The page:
Aside from Coward’s own views, the LGBTQ label itself is indicative of acceptance of a spectrum of sexual fluidity. And, if paradigms are in conflict, would you not say that there is more testimony supporting Colin’s view than yours? (Am not saying this makes your paradigm innacurate of course; it could well be true that people attracted to Coward’s paradigm are rather uneasily joining cultural assumptions with the Christian faith) I think most straight men of my acquaintance would agree 100% that ‘sexuality is inflexible’ (regarding arguments otherwise as being the “everyone’s bisexual!” stuff of the politically correct gay lobby) , so Colin’s paradigm is, whatever else one may think about it, consistent with how most people experience their sexual drives.

        • Yes, you’re right that a gay but celibate Bishop would be on-side, but that is just the point. CA want such a Bishop to affirm pro-gay theology otherwise they are not being true to themselves.

          • Right. But surely if the 14 gay bishops figure was accurate, it would still remain so even if some/many/most of the figure explicitly rejected pro-gay theology?

              • Reject in what sense? As in “refuse to count as part of one’s team”. If so, then surely your post-gay paradigm is a criticism (or, if we must use inflated language, an ”attack” or ”condemnation”) of those who do “over” identify with their sexuality (you can of course concede this and note that your paradigm is biblical in a way CA’s is not) ? Isn’t all this a bit swings and roundabouts? Would you be ok with someone describing your position on “CA-friendly gay bishops” as rejection and condemnation?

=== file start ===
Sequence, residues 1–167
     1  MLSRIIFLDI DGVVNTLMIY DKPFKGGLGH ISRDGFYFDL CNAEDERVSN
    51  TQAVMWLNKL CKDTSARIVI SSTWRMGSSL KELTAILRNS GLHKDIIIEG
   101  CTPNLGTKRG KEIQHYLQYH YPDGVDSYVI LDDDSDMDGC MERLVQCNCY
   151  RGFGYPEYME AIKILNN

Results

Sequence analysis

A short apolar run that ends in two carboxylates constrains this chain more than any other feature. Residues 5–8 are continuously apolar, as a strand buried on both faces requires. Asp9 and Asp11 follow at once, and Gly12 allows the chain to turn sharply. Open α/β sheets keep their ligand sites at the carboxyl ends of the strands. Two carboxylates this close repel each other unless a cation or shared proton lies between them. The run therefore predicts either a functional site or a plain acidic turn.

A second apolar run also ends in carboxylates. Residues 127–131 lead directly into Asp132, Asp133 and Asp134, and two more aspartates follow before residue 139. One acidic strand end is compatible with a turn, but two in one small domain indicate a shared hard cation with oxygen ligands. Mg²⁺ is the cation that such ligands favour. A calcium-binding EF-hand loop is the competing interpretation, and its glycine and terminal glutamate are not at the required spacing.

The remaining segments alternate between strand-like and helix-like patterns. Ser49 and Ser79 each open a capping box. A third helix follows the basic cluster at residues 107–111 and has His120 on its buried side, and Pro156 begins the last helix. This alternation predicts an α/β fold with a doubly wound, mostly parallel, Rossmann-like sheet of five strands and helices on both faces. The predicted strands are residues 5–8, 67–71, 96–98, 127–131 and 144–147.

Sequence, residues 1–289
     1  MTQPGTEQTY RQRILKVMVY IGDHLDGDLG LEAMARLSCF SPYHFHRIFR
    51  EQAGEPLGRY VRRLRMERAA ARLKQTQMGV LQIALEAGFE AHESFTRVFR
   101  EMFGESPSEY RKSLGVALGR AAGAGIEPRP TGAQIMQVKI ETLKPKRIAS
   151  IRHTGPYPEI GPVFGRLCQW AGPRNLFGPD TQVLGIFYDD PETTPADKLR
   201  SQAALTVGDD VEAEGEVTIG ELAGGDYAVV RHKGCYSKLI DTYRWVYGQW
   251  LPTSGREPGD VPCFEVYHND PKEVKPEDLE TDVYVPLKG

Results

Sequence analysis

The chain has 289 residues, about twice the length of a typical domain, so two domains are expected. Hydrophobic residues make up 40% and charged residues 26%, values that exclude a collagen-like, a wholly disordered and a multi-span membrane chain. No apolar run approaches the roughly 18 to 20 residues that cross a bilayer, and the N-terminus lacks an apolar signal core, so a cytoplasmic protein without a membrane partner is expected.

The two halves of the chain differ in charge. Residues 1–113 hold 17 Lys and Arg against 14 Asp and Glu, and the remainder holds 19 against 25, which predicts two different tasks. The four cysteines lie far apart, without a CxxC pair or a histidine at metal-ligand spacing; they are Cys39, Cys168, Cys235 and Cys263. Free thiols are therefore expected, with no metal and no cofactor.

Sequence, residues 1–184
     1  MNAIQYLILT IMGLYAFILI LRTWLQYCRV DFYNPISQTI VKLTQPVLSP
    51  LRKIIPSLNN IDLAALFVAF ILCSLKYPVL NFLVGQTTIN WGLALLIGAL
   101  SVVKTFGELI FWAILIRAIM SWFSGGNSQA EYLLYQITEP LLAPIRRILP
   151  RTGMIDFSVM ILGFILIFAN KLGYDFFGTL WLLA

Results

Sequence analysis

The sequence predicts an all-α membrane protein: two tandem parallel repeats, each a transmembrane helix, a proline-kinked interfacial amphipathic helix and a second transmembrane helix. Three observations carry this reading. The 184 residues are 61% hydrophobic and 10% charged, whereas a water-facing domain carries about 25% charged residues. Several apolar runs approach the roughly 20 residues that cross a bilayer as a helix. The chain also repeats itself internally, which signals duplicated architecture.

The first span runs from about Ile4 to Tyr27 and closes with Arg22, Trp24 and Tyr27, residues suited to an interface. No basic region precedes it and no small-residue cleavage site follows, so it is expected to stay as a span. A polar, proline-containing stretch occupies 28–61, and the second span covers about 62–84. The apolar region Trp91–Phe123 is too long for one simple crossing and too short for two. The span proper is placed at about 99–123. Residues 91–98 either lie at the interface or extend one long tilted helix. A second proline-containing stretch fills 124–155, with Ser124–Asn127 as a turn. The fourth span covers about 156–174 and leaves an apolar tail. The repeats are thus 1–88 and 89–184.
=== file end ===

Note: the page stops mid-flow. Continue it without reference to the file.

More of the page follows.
• No, more than that. They would accuse them of betraying gay people and of somehow being self-repressive in not affirming their “true self”.
                  So it’s not swings and roundabouts. My position criticises its opponents but never calls their integrity into doubt. The reverse is not the same.

                  • In terms of VR, doesn’t CA’s criticism owe much to his treatment of Jeffrey John? Of course not all ‘gay rejecting’ individuals fit into this category, but there’s certainly been no shortage of individuals over the year who embrace anti-gay rhetoric as if overcompensating, which is not a position with much integrity.
                    In terms of the text you quote above: surely stating that VR only views his same sex attraction the way he does because of his evangelical beliefs is to some extent commonsensical? ‘Liberals’ wouldn’t take the same view as VR, surely?

  2. Peter, I think some of my comments have gone into SPAM again. It’s quite exciting that I seem to be able to make such shocking contributions ;)

Leave a Reply

This site uses Akismet to reduce spam. Learn how your comment data is processed.